What is Malignant Hyperthermia?
Malignant hyperthermia is a grim condition in dogs that can lead to muscular diseases, and is more prominent in Greyhounds. It is an inherited mutation of the dominant genes that results in serious physical reactions due to certain triggers.
These can range from a reaction to different medications, gaseous anesthetics, caffeine, hops, and any activity level that is too demanding, or when the dog is stressed out; because of this last reason it is also nicknamed “canine stress syndrome”.
Depending on the seriousness of malignant hyperthermia affecting your dog, the outlook ranges from fair to guarded, though with proper care and treatment, he can be expected to return to a level of living that is comparable to before malignant hyperthermia affected him.
Malignant Hyperthermia, though uncommon, is a life-threatening condition that is due to a genetic mutation, triggered by different sources. It can have a very sudden onset and can escalate quickly, and proving fatal if not caught and treated promptly.
Book First Walk Free!
Symptoms of Malignant Hyperthermia in Dogs
Symptoms can develop quickly and these include:
- The first sign is usually a sudden and dramatic increase of carbon dioxide
- Fever that elevates quickly and stays elevated up to 113F (45C)
- Rapid heartbeat (tachycardia)
- Rapid breathing (tachypnea)
- Cyanosis (the discoloration of skin due to low oxygen levels)
- Rigid muscles
- Possible seizures
- Changes in blood pressure
- Fluid in the lungs
- Difficulty to form blood clots
- Kidney failure
The dogs that are affected by malignant hyperthermia have a predisposition to the condition because of a genetic mutation they inherited. The breeds more prone to malignant hyperthermia are:
- Bichon Frises
- Border Collies
- Doberman Pinschers
- German Shepherd/Doberman Pinscher mixes
- Golden Retrievers
- Greyhounds (this is the most commonly affected breed)
- Labrador Retrievers
- Saint Bernards
- Springer Spaniels
Causes of Malignant Hyperthermia in Dogs
The biggest cause of malignant hyperthermia is from drugs during anesthesia. The drugs that are unsafe for malignant hyperthermia susceptible dogs are:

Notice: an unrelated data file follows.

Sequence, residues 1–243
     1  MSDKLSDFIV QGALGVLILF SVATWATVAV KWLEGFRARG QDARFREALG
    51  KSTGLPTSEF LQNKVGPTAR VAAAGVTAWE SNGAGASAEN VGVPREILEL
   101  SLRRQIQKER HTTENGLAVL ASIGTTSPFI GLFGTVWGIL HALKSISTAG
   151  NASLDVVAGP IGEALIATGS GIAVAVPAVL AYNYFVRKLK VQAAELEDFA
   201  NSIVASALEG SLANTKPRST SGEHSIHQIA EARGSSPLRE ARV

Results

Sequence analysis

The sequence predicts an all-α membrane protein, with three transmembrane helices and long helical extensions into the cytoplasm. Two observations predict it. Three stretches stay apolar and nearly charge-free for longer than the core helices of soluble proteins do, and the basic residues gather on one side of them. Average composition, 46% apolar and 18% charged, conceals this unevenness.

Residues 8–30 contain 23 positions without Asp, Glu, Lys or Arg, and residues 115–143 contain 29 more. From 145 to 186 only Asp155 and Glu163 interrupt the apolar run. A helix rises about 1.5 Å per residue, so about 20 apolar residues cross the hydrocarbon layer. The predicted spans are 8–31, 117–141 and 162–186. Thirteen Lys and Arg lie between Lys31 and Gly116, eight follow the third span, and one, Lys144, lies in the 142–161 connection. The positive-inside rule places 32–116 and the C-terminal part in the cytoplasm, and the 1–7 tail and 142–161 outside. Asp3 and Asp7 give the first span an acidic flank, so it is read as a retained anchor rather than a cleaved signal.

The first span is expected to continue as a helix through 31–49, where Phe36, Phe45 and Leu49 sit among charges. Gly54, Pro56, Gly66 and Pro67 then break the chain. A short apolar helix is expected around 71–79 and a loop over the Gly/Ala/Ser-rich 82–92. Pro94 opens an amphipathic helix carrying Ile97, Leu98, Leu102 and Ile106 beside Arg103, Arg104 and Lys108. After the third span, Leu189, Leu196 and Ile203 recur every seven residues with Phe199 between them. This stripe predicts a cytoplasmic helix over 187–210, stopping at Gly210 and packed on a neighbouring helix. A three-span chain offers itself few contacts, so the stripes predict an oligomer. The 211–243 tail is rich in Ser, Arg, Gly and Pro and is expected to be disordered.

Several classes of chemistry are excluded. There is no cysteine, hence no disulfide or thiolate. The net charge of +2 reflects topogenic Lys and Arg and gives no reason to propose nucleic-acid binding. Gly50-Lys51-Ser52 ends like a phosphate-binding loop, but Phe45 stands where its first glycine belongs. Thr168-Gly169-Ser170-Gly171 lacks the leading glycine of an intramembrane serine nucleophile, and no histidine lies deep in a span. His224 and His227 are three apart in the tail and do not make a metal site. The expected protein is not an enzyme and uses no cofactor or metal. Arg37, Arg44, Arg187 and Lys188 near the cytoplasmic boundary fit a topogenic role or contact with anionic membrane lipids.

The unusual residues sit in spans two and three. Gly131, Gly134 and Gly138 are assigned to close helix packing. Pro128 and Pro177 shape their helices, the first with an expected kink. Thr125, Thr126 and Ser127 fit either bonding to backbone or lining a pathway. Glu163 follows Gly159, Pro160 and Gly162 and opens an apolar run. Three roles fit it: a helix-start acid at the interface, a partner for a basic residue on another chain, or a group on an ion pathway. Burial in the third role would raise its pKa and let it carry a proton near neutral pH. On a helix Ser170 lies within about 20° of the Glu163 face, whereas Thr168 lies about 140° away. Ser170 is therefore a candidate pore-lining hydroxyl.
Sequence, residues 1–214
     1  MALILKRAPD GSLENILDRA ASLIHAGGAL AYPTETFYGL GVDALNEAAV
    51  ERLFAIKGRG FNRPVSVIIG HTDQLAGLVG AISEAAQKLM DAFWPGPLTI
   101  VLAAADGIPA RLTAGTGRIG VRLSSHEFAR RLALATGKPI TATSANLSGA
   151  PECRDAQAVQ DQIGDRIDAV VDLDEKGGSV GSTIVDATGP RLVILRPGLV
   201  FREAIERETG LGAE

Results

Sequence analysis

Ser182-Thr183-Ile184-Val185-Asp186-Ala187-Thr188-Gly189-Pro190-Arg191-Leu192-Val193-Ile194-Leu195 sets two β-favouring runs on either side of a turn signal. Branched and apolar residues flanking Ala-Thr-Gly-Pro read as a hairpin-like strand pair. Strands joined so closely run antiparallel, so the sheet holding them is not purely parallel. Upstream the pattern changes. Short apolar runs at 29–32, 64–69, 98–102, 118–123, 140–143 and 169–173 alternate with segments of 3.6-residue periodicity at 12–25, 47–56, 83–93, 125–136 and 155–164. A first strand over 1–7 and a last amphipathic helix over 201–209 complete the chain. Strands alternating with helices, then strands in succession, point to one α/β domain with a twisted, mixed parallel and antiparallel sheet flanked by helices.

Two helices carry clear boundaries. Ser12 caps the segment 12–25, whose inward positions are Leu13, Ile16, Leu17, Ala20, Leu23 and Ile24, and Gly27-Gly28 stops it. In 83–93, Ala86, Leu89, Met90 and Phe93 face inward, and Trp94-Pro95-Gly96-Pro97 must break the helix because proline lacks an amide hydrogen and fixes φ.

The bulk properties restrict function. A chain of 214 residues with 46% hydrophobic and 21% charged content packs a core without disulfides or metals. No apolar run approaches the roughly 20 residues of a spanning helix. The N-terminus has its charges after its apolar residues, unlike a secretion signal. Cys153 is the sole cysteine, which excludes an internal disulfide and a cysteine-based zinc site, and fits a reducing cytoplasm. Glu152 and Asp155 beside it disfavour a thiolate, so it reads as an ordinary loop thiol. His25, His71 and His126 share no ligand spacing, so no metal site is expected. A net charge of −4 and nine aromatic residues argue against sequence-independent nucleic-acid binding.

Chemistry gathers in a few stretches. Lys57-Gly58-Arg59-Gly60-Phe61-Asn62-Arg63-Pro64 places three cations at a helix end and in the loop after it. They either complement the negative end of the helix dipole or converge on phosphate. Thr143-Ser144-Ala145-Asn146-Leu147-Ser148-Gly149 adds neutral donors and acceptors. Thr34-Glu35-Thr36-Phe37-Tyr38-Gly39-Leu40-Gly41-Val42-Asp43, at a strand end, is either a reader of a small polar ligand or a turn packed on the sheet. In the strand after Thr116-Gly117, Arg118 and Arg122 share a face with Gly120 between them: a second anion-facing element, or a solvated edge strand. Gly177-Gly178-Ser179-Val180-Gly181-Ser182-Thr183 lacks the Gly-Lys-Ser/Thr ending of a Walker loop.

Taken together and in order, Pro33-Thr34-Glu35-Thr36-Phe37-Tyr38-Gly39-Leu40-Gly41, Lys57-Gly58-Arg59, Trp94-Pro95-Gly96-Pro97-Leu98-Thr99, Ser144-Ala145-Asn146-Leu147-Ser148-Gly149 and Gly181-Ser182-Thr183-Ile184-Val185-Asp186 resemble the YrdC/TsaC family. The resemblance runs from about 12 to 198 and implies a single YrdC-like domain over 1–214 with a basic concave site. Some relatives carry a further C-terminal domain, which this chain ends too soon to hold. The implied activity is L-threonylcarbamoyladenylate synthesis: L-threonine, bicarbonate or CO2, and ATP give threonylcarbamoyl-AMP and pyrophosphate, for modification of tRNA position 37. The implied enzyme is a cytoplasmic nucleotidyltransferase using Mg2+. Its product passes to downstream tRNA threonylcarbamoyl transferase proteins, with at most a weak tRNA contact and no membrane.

- Inhaled general anesthetics
- Halothane (because of its extreme ability to trigger malignant hyperthermia, this drug is not used in western countries anymore)
- Succinylcholine (because of its extreme ability to trigger malignant hyperthermia, this drug has become restricted over time by international anesthesia societies)
Additional causes for malignant hyperthermia include:
Diagnosis of Malignant Hyperthermia in Dogs
Malignant hyperthermia is a difficult mutation to diagnose and tests that are minimally invasive and are helping to highlight the susceptibility a dog may have are being created.
The best way to diagnose malignant hyperthermia is to conduct a muscle biopsy, through means of a procedure called the In Vitro Contracture Test (IVCT) though this can give both false positive, and false negative results equally. The problem with this method is that the dog must be anesthetized for the biopsy to be collected, and most veterinarians will not put a dog that is suspected for malignant hyperthermia under anesthesia because of the risk associated with the drugs used.
Another means of diagnosis is through a DNA analysis. This will be done using a blood sample collected from your dog and then sent to a diagnostic laboratory where it will be tested for the RYR1 genetic mutation.
As malignant hyperthermia can have a sudden and unexpected onset in undiagnosed dogs, the clinical tests used to diagnose the condition will be rendered useless. A dog will only be officially diagnosed as malignant hyperthermia susceptible if one of the 31 known mutations are detected in the RYR1 screen. Other tests used in helping to diagnose are:
- Blood bicarbonate of EDTA blood
- Blood pH on EDTA blood
- Blood pressure test
- Serum chemistry
- Urine sedimentation
- Halothane-succinylcholine challenge exposure test (this test can result in death of a malignant hyperthermia positive dog, and because of this, is not a test that veterinarians like to use)